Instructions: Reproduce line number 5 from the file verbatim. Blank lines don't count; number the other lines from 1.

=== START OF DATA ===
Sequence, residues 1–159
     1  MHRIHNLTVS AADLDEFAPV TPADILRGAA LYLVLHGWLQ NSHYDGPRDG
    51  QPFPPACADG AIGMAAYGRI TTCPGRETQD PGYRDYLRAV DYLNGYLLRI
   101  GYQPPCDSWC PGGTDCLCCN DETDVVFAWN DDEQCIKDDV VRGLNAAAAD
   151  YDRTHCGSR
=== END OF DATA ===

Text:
   151  YDRTHCGSR